If you hate musicals or entertainment that re-imagines a familiar story through a "woke" lens, there's a good chance you’ll hate the new version of Cinderella. I think the new Cinderella is a joyful, mostly enjoyable revisiting of the familiar tale, one boosted by some well-executed musical numbers and a winning lead performance from singer Camila Cabello. The film's pretty simple: It's the traditional, centuries-old Cinderella tale, but with a distinctly feminist makeover, which is the same thing Disney did with its recent live-action reboots of Aladdin and Beauty and the Beast.
Cinderella (Cabello) is a still an orphan living with her wicked stepmother, but now she has career ambitions, to be a dressmaker. She still has a romance with a prince (Nicholas Galitzine's "Prince Robert"), but she's in no hurry to get married or become a princess. There's also a king and queen (Pierce Brosnan and Minnie Driver), whose arc proceeds as if the queen discovered The Feminine Mystique halfway through the movie, and they have a young daughter (Tallulah Greive) with her own plans for governance of the kingdom. Even the Wicked Stepmother (Idina Menzel) is humanized, and given thwarted dreams of musical stardom.
And there's more racial diversity than Cinderella movies typically offer—and the "fairy godmother" is a man, played by Pose star Billy Porter. Does the very thought of this piss you off ? Does it make you decry the decadent, woke perfidy of the alliance between Hollywood and Big Tech, as demonstrated in this Sony production, which Amazon released? If so, wait until next week's Everybody's Talking About Jamie, Amazon's triumphant musical movie about a British teenager who dreams of becoming a drag queen. The movie's promoters, meanwhile, probably didn't help matters with that viral video of the movie's cast—including Corden in a mouse costume—blocking a highway in Los Angeles while dancing.
Cinderella was written and directed by Kay Cannon, a former 30 Rock writer who was a primary auteur of the Pitch Perfect movies, writing all three and producing the last two. She wrote and directed 2018's Blockers, a fantastic, raunchy comedy that also had a feminist twist. Cannon's Cinderella, at least musically, takes a similar approach to the Pitch Perfect series: It's a musical, but most of the songs are pop standards. There are elaborate, well-staged numbers out of Janet Jackson's "Rhythm Nation," Queen's "Somebody to Love," Ed Sheeran's "Perfect," and a montage of Salt-N-Pepa's "Whatta Man" and the White Stripes' "Seven Nation Army." There are also some original songs, which are forgettable.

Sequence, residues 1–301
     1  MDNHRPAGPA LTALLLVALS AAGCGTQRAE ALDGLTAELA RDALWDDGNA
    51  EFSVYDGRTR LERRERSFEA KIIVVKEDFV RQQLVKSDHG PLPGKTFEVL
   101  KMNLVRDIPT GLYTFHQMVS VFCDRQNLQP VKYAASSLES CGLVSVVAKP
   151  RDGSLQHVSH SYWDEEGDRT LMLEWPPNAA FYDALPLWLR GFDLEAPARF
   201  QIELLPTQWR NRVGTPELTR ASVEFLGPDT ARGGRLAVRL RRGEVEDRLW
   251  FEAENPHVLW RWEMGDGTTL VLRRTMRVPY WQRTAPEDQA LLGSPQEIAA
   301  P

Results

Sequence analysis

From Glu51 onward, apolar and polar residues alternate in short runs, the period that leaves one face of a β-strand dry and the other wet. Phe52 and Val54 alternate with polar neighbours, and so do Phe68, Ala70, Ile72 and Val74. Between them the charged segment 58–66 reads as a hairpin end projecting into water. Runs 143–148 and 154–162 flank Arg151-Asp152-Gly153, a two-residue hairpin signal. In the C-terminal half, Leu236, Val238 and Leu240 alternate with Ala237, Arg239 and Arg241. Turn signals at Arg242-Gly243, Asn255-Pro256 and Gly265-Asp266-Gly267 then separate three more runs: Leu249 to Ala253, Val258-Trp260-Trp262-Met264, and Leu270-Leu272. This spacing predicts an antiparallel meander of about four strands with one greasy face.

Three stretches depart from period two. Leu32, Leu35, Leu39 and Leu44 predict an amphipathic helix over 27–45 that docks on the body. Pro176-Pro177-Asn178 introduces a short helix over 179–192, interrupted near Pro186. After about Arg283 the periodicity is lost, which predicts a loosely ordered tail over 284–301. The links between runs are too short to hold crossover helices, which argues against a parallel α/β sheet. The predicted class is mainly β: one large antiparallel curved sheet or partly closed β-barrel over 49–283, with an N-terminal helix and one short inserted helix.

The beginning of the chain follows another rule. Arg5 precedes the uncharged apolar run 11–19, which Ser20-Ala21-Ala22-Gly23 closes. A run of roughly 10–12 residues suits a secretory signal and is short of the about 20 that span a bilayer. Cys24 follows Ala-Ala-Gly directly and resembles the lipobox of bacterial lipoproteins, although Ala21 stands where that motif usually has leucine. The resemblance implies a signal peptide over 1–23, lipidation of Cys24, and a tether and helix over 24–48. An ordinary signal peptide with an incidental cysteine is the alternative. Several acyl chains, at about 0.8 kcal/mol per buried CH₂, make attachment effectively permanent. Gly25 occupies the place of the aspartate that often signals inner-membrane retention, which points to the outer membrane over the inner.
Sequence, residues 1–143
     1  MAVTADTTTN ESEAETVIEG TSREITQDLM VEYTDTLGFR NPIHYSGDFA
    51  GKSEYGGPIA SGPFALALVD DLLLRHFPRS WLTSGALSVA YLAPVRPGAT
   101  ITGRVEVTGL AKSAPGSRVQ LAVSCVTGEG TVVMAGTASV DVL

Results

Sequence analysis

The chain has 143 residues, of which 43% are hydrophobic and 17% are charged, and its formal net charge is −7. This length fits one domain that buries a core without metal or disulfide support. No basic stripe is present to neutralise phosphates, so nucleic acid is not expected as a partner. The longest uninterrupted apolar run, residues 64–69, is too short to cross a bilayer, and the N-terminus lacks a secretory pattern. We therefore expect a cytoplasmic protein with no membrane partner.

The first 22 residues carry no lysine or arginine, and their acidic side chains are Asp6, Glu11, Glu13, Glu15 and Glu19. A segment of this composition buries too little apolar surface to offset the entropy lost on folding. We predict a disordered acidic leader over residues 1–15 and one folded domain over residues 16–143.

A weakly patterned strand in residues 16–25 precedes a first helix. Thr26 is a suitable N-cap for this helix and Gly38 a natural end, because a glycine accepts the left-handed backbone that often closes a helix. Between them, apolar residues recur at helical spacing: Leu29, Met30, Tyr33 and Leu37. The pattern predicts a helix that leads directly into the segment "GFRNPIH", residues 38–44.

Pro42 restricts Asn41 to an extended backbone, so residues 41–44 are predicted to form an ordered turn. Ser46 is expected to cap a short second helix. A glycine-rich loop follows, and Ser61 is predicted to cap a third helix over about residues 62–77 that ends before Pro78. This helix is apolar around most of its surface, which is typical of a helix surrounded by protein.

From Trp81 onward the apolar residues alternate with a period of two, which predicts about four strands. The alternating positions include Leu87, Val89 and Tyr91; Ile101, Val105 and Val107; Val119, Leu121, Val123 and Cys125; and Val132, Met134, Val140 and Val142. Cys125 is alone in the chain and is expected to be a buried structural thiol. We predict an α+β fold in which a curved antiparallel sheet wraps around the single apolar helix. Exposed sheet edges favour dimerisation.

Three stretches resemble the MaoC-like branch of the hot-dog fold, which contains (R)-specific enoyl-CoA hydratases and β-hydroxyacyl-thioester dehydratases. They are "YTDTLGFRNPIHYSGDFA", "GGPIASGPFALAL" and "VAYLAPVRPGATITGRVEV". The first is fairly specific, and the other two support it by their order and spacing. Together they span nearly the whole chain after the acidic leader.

Most of what makes the movie go is Camila Cabello, in her first major movie role after several years as a pop star. She's an immensely appealing performer. Obscure English actor Nicholas Galitzine is fine as the prince, although Nicholas Hoult's glorious turn as Emperor Peter III on the Hulu series The Great was a much better version of the Royal Failson performance that Galitzine was going for here.
Bresnan is hilariously boorish as the king, with Driver getting her best part in years as the queen—and it turns out she can sing. (Brosnan, as anyone who remembers Mamma Mia, can’t, but at least this movie plays it for comedy.) And the Broadway legend Menzel shows once again why she’s one of the best current musical performers.